If you want a complete overview of Nightingale’s life and work, the Wikipedia page about her is a good starting point. The only thing I want to highlight here, is how she managed to save herself from the claws of depression.
In her twenties, Nightingale became depressed; this was probably worsened by the fact that her family was strongly opposed to her taking up the active role in nursing that she already aspired to as a way out of the rigid, meaningless social role that people expected from upper-class women. She had a few positive experiences (especially when visiting the German Lutheran hospital community at Kaiserswerth, that became an example to her) but also deep depressions.
In May 1850, having read some of the very somber poems by William Cowper, she wrote in her diary that she could identify with his “deep despondency”; and at Christmas Eve she wrote: “In my thirty first year, I can see nothing desirable but death… I cannot understand it. I am ashamed to understand it.” She also wrote “My present life is suicide” and “Oh weary days – oh evenings that seem never to end – for how many years I have watched that drawing room clock… it is not the misery, the unhappiness that I feel is so insupportable, but I feel this habit, this disease gaining ground upon me and no hope, no help. This is the sting of death. Why do I wish to leave this world? God knows I do not suspect a heaven beyond – but that He will set me down in St. Giles, at a Kaiserswerth, there to find my work.”
In the next two years, she managed to turn herself around. She returned to Kaiserswerth and from there wrote in a touchingly reassuring letter to her mother that she felt no longer suicidal: “I find the deepest interest in everything here and am so well in body and mind… I really should be sorry now to leave life. I know you will be glad to hear, dearest mother, this.”
She also began sorting out her thoughts by writing an over 800 pages-long and somewhat rambling collection of essays for herself, later partially published for a wider public as Suggestions for Thought to Searchers after Religious Truth. Maybe just because of the title, some people have later interpreted her turnaround as a kind of religious conversion. I think that is wrong.
More probably, two other things saved her.
Among historians, there is a theory that in the 19th century, people found suicide even more disturbing than murder. An act of murder, in a way, still fitted in the over all Victorian view of human nature, while suicide was conflicting with it in many more troubling ways. For example, suicide was felt to be a worse crime (and formally it was a crime at that time) because unlike with a murder, a suicide also meant that the perpetrator cowardly escaped from final judgment by others. Nightingale may have shared such deeply-rooted conservative moral views, and perhaps this can have helped her to resist her suicidal feelings.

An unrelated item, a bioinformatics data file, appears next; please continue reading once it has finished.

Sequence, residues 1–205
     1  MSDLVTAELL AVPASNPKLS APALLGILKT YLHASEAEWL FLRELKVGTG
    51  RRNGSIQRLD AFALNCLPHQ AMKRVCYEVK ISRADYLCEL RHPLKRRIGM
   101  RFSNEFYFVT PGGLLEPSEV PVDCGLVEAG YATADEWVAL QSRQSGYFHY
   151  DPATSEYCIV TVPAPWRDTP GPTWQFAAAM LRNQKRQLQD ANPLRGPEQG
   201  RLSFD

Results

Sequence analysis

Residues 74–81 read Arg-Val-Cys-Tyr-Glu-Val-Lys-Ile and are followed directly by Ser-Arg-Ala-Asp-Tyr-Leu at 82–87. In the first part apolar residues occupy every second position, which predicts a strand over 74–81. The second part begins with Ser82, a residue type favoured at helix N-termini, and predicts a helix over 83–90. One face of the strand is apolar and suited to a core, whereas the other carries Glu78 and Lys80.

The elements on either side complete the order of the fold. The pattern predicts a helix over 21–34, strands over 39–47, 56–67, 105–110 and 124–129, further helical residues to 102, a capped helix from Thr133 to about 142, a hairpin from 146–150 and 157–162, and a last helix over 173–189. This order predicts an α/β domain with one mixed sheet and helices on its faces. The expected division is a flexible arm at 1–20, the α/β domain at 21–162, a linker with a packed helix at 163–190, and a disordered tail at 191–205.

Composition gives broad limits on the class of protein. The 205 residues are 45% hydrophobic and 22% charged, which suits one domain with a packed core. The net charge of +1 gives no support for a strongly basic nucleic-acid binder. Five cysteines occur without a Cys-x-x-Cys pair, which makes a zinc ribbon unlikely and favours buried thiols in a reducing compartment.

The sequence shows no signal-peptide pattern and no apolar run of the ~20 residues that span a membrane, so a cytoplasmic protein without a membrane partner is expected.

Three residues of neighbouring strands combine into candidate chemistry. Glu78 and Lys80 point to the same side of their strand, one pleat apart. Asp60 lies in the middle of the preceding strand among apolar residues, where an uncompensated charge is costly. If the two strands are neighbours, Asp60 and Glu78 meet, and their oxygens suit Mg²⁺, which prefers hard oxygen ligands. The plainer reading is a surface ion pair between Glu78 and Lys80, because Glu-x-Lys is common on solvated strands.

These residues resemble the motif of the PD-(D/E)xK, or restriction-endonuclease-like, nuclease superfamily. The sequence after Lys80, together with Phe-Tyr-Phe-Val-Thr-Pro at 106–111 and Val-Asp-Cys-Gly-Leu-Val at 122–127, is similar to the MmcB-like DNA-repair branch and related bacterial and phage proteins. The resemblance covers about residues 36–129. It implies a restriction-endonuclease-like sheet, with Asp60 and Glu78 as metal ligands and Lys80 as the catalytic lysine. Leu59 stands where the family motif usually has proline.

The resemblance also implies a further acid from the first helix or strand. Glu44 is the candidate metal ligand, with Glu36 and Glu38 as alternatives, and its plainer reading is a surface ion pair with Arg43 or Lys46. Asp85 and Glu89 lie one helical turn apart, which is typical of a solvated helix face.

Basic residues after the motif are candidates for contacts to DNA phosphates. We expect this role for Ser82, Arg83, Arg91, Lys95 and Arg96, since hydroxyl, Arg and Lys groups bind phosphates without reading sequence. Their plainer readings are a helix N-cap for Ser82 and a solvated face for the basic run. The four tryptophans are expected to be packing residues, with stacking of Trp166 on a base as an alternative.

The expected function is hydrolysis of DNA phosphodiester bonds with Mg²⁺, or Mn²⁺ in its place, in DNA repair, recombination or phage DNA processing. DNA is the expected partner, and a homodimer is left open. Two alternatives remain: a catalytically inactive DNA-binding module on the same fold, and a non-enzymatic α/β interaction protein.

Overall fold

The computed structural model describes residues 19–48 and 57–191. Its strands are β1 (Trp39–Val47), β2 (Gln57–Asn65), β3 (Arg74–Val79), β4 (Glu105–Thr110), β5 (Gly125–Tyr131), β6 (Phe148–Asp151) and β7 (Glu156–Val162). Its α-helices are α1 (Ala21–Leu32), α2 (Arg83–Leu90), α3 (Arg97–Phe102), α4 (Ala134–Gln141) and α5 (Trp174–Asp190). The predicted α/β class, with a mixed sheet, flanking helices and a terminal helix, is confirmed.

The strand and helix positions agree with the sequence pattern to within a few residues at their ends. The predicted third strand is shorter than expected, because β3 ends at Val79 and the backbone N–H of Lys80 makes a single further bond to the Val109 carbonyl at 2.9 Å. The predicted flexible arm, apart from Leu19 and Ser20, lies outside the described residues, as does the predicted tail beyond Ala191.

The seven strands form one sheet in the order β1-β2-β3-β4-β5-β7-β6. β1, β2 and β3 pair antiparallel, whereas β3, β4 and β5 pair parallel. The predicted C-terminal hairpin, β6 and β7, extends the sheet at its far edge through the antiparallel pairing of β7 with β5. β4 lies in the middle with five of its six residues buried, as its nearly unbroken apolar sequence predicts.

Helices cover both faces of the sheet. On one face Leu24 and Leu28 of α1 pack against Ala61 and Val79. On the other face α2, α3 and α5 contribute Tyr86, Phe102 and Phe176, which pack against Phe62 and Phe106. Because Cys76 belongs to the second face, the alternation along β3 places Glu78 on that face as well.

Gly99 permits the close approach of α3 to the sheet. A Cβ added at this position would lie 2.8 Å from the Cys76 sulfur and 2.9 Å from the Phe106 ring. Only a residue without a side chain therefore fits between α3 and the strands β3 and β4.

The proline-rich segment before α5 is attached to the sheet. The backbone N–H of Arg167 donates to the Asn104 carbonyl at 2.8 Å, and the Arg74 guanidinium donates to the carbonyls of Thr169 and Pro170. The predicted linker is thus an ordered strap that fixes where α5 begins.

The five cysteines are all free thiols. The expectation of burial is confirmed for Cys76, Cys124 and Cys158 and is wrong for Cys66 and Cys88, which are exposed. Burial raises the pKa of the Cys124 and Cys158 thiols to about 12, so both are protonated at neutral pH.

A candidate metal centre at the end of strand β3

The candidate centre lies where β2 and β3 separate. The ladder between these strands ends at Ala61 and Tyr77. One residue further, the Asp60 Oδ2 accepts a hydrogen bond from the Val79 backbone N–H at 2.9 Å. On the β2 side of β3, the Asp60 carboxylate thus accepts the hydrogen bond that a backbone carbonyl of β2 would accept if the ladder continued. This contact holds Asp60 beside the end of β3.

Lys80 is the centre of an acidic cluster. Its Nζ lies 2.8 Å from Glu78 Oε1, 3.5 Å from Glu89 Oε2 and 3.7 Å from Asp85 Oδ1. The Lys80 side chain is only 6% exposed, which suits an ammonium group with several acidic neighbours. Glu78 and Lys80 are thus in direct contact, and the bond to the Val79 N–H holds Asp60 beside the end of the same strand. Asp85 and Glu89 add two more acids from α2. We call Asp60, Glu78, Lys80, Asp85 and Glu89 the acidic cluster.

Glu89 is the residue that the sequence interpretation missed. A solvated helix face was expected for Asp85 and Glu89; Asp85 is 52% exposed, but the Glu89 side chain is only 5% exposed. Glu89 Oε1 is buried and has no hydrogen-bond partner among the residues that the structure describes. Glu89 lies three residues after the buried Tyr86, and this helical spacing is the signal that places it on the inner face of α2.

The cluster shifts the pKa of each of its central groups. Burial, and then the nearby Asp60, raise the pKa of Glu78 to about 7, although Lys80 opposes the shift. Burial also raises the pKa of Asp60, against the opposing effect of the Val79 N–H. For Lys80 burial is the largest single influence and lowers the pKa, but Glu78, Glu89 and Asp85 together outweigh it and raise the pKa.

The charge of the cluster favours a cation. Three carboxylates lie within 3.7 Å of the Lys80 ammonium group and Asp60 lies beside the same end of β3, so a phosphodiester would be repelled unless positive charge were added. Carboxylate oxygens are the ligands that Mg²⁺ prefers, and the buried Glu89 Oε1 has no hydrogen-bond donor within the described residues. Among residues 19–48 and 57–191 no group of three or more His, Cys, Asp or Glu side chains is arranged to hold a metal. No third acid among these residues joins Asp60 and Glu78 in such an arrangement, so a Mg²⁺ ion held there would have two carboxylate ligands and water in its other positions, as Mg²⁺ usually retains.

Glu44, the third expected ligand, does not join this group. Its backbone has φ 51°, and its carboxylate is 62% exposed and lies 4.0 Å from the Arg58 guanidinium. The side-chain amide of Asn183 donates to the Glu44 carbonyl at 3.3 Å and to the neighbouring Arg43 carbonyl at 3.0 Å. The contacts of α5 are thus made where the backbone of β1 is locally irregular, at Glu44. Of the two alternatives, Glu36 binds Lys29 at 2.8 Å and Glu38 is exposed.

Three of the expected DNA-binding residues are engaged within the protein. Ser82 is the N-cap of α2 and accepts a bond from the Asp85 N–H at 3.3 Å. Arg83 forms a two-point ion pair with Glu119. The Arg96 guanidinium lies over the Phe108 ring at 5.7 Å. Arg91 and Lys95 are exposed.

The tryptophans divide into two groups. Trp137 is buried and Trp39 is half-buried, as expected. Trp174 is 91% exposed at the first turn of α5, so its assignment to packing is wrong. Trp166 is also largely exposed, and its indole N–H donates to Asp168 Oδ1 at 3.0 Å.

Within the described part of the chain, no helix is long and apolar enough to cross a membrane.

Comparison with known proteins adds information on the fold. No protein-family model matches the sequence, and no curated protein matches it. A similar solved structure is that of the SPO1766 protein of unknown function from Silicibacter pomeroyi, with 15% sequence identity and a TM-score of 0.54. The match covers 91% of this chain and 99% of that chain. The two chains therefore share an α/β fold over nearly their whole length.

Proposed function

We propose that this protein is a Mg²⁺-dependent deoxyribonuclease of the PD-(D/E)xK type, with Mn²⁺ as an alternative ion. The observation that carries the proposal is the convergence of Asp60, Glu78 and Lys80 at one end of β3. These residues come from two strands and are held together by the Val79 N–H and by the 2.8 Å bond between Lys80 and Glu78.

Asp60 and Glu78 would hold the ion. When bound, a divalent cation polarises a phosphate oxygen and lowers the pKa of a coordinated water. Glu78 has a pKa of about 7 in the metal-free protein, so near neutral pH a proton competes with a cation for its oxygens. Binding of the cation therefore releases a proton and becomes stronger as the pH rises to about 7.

But most important is that she actually did muster the courage and energy to take up the work that she felt she needed so much. In describing this, Nightingale used a starvation metaphor. She told how she had been starving by lack of a real meaning-of-life, and how she finally discovered that this meaningful nursing work was in fact the only possible kind of food that would save her from this deadly starvation. Once she realized that to her this was the only way to stay alive, it gave her the power to carry on. She no longer asked for God to “set her down in St. Giles”; she did it herself. This also became her message to other Victorian women in her Suggestions for Thought: try doing the same!
All this, and the tremendous successes that followed, did not mean that for the rest of her life she was entirely free of depressions.
Thirty years later, in 1881, she confessed in a letter to her friend Mary Clarke: “I cannot remember the time when I have not longed for death. After Sidney Herbert’s death and Clough’s death in 1861, 20 years ago, for years and years I used to watch for death as no sick man ever watched for the morning. It is strange that now bereft of all, I crave for it less.”
It was her work, the sense of being useful to others, that kept her going.
– The Florence Nightingale story has evolved into a common myth; about the positive function of such myths, see here.
The Nightingale myth has left countless traces in modern culture: including music. Perhaps the best known song about her is Lady with the Lamp by the late Grateful Dead guitarist/singer Jerry Garcia:
• tip: I’m afraid that this time I cannot help sounding a little like a Victorian moralist myself. But why should we deny there can be some helpful truth in such now-conventional moral ideas? So here it is:
If your depression is so bad that your life seems totally meaningless, try to make your life meaningful to a few other people. By doing so, you will make it more meaningful to yourself again, too. This is what Florence Nightingale did (on a larger scale). For her, it worked.
• footnote 1: The 1857 Jerry Barrett painting “The Mission of Mercy: Florence Nightingale receiving the wounded at Scutari” is in the National Portrait Gallery, London. The man you see looking in through the window above Nightingale is the painter himself.
• footnote 2: An edited selection from Nightingale’s Suggestions for Thought – including the key essay Cassandra about how women ought to give meaning to their own life – can be found at Amazon.
Author: Henk van Setten
▼ Search Me ...
Today In History:
May 25, 1965 –
Ethel du Pont (49, former wife of President Roosevelt's son Franklin Delano Roosevelt Jr.) hangs herself in her bathroom with the belt of her dressing gown. She had mentioned suicide several times before and was “under psychiatric care” for her depressions.
In the 1930s, as a wealthy heiress from the Du Pont family, she had been a well-known socialite. In 1937 her marriage with the President's son had been a major event, with the couple being featured on the cover of Time Magazine. After their divorce in 1949 she had married lawyer Benjamin Warren.
Following Ethel's suicide, the rich Du Pont family established the Harvard Medical School Ethel du Pont-Warren Fellowship Award to specifically support psychiatric research.